Good Morning, Snapper,

For a period of time in the eighties and nineties, I shot stock for a small agency in St. Louis. I was teaching full time, but, of course, had some free time available during the summers and weekends. Given my time constraints, I had moderate success with the stock shooting, but I certainly never came close to earning a living at it. Some of the sales I had were, I'm sure, because I shot mostly 4 x 5 (a little 6 x 7); I'm confident that some things which sold did so almost entirely because of the format. As time went on, I realized that the time and effort involved, combined with a full teaching load, made it impractical to continue. On many a perfect shooting day, I'd be looking out the classroom window, but the following weekend would end up being rainy or stomy--discouraging to a view camera shooter. In addition, the small agency I worked with tended to have a somewhat limited local market and faced increasing competition from large agencies and on-line photo collections available either free or at low cost. It's generally conceded that being successful in stock photography requires a hugh body of work and a constant up-dating of existing photos. Some stock shooters do well with a specialization, such as scientific photography or aerial photography, but it's usually a tough business for most. I had some fun with it and made enough to add some good equipment, but that's about it.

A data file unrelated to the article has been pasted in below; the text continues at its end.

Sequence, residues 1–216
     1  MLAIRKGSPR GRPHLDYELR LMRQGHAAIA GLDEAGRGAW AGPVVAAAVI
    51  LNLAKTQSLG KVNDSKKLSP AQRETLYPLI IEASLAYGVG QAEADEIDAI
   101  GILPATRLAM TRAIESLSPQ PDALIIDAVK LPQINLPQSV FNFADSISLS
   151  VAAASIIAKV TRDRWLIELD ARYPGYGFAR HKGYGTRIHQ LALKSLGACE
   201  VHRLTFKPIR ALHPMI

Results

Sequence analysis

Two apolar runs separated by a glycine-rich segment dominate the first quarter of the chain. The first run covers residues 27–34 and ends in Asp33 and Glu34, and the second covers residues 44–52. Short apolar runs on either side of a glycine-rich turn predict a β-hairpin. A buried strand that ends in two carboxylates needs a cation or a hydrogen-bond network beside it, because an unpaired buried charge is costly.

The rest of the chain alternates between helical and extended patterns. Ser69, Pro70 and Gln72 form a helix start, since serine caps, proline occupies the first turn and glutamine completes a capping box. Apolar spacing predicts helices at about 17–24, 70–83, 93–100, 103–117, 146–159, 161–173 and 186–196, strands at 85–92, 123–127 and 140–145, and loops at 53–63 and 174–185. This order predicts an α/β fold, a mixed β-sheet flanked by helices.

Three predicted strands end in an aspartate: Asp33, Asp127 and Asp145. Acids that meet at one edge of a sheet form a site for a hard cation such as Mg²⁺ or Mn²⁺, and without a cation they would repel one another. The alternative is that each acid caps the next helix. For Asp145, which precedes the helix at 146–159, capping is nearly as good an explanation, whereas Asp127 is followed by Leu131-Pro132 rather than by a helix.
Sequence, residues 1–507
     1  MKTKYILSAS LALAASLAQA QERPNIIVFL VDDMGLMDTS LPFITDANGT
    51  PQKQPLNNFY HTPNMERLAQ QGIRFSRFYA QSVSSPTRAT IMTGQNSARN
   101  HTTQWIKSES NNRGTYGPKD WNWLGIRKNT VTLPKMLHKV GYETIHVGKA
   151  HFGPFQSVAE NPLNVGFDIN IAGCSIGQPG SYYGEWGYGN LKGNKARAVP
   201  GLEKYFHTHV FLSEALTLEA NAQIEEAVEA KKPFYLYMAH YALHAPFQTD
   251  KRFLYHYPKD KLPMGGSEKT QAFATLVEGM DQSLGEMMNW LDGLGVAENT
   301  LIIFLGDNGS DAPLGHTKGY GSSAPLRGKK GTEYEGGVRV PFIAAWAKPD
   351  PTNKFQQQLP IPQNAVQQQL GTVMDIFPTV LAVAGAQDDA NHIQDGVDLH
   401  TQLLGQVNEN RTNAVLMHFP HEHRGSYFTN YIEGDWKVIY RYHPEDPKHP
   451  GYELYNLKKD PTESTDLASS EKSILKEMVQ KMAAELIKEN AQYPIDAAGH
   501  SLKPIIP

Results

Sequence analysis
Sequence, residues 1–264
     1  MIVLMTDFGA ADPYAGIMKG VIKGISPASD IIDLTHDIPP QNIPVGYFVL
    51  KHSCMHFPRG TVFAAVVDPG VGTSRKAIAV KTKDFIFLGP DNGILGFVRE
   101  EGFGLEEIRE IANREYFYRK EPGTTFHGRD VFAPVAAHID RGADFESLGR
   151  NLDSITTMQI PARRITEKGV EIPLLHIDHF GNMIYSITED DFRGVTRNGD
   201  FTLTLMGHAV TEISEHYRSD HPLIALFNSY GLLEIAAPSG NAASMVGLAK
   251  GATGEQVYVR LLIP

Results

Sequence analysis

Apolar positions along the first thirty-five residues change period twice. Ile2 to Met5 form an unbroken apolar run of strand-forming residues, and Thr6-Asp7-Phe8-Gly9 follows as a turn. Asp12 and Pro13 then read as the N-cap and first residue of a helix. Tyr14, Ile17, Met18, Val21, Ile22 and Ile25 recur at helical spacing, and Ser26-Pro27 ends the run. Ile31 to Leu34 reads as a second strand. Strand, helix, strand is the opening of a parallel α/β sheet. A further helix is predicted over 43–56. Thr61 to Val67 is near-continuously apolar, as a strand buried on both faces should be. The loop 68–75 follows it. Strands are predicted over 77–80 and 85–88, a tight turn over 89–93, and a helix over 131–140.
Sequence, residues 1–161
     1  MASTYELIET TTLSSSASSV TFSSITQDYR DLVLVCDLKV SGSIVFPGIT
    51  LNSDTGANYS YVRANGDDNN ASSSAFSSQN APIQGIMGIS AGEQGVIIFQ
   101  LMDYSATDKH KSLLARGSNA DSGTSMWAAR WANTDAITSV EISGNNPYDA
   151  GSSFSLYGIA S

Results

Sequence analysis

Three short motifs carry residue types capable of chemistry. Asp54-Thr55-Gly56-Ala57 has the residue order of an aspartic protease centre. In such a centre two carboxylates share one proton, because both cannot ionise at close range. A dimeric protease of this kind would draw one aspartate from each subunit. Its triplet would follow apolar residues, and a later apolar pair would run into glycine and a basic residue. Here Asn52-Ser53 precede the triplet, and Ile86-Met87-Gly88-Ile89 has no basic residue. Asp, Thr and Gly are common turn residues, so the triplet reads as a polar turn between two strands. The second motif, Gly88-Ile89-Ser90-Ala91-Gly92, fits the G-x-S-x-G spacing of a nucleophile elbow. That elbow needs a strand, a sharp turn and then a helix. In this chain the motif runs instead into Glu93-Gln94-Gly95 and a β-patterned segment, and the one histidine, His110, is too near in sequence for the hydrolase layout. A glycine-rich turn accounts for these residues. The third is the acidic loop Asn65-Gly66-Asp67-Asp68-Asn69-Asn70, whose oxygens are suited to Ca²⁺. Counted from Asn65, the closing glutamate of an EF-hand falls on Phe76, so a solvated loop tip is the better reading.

Konical